The sense of despondency that appears to have overtaken several senior leaders of the Indian National Congress, to the extent of shying away from the 2014 Lok Sabha elections when they should be ideally leading from the front, manifests not great moral dilemmas but lack of confidence. Most noticeable among the big guns in the Congress who chose not to contest this time include the Union Finance Minister, P. Chidambaram, and the Shipping Minister, G.K. Vasan, both from their Tamil Nadu home turf, and Defence Minister A.K. Antony, who was under some pressure to contest from Kerala. The ‘not contesting’ list includes some of the equally resplendent faces relatively lower down in the party hierarchy, like the Information and Broadcasting Minister, Manish Tiwari, whose Ludhiana seat in Punjab was given to Ravneet Singh Bittu this time. Some of these leaders are sitting Rajya Sabha members like Mr. Antony, and there are some others whose terms in the Upper House are due to end shortly. There is also a third group of leaders who have traditionally favoured the Rajya Sabha route to Parliament. The reasons adduced range from ushering in the younger generation — as in the case of Mr. Chidambaram who opted out of his long-held Sivaganga turf for his son Karti Chidambaram — taking on larger campaigning responsibilities in their respective States as with Mr. Antony, to a few other Congress leaders prematurely feeling bearish about the poll prospects for want of a proper regional ally, as exemplified in Tamil Nadu.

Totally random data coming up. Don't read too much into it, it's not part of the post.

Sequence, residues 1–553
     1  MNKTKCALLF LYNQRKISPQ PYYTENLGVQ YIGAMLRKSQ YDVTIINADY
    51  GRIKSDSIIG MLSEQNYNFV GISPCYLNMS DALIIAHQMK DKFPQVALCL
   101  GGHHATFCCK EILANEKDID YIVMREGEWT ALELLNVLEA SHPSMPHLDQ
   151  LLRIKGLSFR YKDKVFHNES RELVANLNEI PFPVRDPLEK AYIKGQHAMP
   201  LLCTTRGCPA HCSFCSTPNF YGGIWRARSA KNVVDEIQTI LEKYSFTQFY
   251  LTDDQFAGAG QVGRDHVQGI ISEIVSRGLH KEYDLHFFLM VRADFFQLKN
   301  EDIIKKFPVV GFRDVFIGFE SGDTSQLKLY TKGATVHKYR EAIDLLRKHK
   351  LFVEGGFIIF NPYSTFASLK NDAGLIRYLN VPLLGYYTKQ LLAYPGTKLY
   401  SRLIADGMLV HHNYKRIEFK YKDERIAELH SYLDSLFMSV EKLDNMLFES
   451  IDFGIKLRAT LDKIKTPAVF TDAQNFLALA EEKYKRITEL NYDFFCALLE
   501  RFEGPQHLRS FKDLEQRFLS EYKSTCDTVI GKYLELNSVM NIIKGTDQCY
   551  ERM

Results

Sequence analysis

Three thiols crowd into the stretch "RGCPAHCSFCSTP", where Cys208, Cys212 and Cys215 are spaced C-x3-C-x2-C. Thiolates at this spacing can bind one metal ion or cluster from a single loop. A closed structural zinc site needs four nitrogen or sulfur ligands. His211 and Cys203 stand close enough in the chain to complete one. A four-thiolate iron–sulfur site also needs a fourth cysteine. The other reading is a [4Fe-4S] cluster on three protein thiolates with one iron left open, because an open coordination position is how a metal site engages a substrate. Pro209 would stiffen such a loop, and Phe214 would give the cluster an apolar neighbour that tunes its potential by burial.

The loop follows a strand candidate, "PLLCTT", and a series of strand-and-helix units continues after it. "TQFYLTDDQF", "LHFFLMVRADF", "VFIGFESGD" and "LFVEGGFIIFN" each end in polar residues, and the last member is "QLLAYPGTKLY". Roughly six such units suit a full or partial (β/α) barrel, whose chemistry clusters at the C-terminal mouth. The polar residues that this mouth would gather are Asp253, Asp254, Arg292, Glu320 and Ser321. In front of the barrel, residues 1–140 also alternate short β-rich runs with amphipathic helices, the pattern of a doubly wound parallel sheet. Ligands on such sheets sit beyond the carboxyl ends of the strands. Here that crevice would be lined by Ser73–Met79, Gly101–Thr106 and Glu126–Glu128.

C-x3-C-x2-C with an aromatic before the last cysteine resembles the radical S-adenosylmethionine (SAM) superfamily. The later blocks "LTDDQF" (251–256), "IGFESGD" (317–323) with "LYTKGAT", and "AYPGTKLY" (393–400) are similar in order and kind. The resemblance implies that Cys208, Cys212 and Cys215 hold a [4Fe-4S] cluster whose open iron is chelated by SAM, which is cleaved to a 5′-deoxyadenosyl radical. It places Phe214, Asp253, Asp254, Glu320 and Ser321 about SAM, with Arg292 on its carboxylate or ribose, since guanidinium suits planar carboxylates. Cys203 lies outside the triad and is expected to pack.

However, in stepping aside it is not so much their reasons for not contesting this election, however valid personally or logistically they may be, that have triggered hard questions, but the wider political context in which these decisions have been made. There could have even been rumblings within over finding safe seats. The larger issue, nonetheless, is that when the country faces one of its most challenging general election in the coalition era, amid fears of communal forces gaining the upper hand as brought out in opinion polls, senior Congress leaders keeping away from the heat and dust of an electoral contest is most likely to send the wrong signals over an already discounted performance of the UPA government. The consolidation that the Congress could have hoped for — leadership transition issues notwithstanding — in further cementing its inclusive agenda and gains from solid anti-poverty programmes like the Mahatma Gandhi National Rural Employment Guarantee Scheme, may have been unwittingly lost in this retreat of some senior leaders. Yet, there are several exceptions of seniors like Mani Shankar Aiyar, Kamal Nath and Ajit Jogi soldiering on in challenging circumstances.

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